Many professionals in the software industry chose to pursue software to avoid business schools and MBAs. In this article, Payson explains that some of that "Business BS" can be useful both tactically and strategically to software project managers.
We live in a consumer-oriented society, where we are taught to expect that everything that we buy or create must be the best. Clearly, quality is considered to be a top-selling feature in many of the products that we buy. But what if it shouldn’t be?
Analysts determine what needs to be created. Programmers create it. Testers find the holes in the work of both. That's one way to do it, but all three can collaborate to do these things better, and more easily, too.
Many people realize that the technical debt spiral is a perverse incentive—it ends up rewarding behaviors we don't want and causing long-term pain. In this article, Matt Heusser moves beyond cliché to talk about how tech debt happens and what we can do about it.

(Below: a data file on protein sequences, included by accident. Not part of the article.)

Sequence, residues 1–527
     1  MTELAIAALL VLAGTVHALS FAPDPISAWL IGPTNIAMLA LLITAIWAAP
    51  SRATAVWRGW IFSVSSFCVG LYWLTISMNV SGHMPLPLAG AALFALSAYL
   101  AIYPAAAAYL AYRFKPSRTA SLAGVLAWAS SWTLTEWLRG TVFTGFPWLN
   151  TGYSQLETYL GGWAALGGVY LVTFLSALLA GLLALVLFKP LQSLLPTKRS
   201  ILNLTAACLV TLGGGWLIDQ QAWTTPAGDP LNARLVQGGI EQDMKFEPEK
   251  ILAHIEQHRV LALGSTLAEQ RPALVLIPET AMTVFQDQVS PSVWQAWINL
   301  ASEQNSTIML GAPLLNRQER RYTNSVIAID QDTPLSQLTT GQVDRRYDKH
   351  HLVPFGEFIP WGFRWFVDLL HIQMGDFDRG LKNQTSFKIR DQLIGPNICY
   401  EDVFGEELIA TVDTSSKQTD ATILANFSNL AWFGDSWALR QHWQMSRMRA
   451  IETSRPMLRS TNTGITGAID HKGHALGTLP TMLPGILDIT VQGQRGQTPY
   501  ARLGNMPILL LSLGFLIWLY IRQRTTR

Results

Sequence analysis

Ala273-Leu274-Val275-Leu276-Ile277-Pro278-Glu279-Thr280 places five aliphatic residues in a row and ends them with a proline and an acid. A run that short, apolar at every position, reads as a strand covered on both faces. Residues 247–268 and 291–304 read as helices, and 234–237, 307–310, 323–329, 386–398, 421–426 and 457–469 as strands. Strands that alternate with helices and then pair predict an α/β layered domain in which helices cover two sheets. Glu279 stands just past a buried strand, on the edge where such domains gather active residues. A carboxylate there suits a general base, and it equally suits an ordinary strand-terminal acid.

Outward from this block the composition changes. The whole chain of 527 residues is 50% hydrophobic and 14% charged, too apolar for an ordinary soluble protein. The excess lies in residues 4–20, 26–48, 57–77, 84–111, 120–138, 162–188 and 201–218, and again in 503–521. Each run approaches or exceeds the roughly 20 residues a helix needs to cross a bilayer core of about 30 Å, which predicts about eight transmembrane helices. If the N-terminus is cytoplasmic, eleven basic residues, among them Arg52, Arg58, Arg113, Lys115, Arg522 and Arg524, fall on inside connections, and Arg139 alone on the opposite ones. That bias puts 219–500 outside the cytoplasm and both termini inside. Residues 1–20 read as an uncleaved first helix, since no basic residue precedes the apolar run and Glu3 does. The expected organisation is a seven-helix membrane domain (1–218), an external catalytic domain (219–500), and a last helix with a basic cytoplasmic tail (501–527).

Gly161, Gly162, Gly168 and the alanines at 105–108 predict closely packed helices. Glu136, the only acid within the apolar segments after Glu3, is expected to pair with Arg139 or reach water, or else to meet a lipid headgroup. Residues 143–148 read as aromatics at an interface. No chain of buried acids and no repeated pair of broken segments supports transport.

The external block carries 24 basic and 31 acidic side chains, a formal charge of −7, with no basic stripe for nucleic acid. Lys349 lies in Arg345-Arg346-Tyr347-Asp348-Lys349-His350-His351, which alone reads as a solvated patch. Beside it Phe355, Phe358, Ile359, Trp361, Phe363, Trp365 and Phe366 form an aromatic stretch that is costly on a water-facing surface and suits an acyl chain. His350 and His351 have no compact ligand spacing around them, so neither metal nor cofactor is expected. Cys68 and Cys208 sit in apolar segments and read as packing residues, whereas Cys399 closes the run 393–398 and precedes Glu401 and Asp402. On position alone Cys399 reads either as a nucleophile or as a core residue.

Most managers would consider management far too complicated to script. But the five key components of management—planning, staffing, organizing, directing, and controlling—are practiced just as often in testing. So, let's see some of those management scripts.
Most management and change management methodologies assume a traditional environment—one in which the time between changes is much greater than the time required to adapt to each change. In fluid environments, the next change event happens before we can finish adapting to the last one, and sometimes even the one before that.
How many times have you heard the phrase "works as designed" used to describe software that is flawed and in some cases not fit for use? While "works as designed" has become an acceptable response for some, for real professionals, it's not.
Are your planning and analysis activities synergistic? Is their total effect on your project greater than the sum of the two activities? When done hand in glove you’ll see how planning and analysis can help groom your backlog and enable you to continuously deliver valuable software.
Having trouble starting projects, understanding scope and business processes, or with estimation? Mark shares some tips and techniques to avoid common business analysis pain points at the early part of a new project assignment.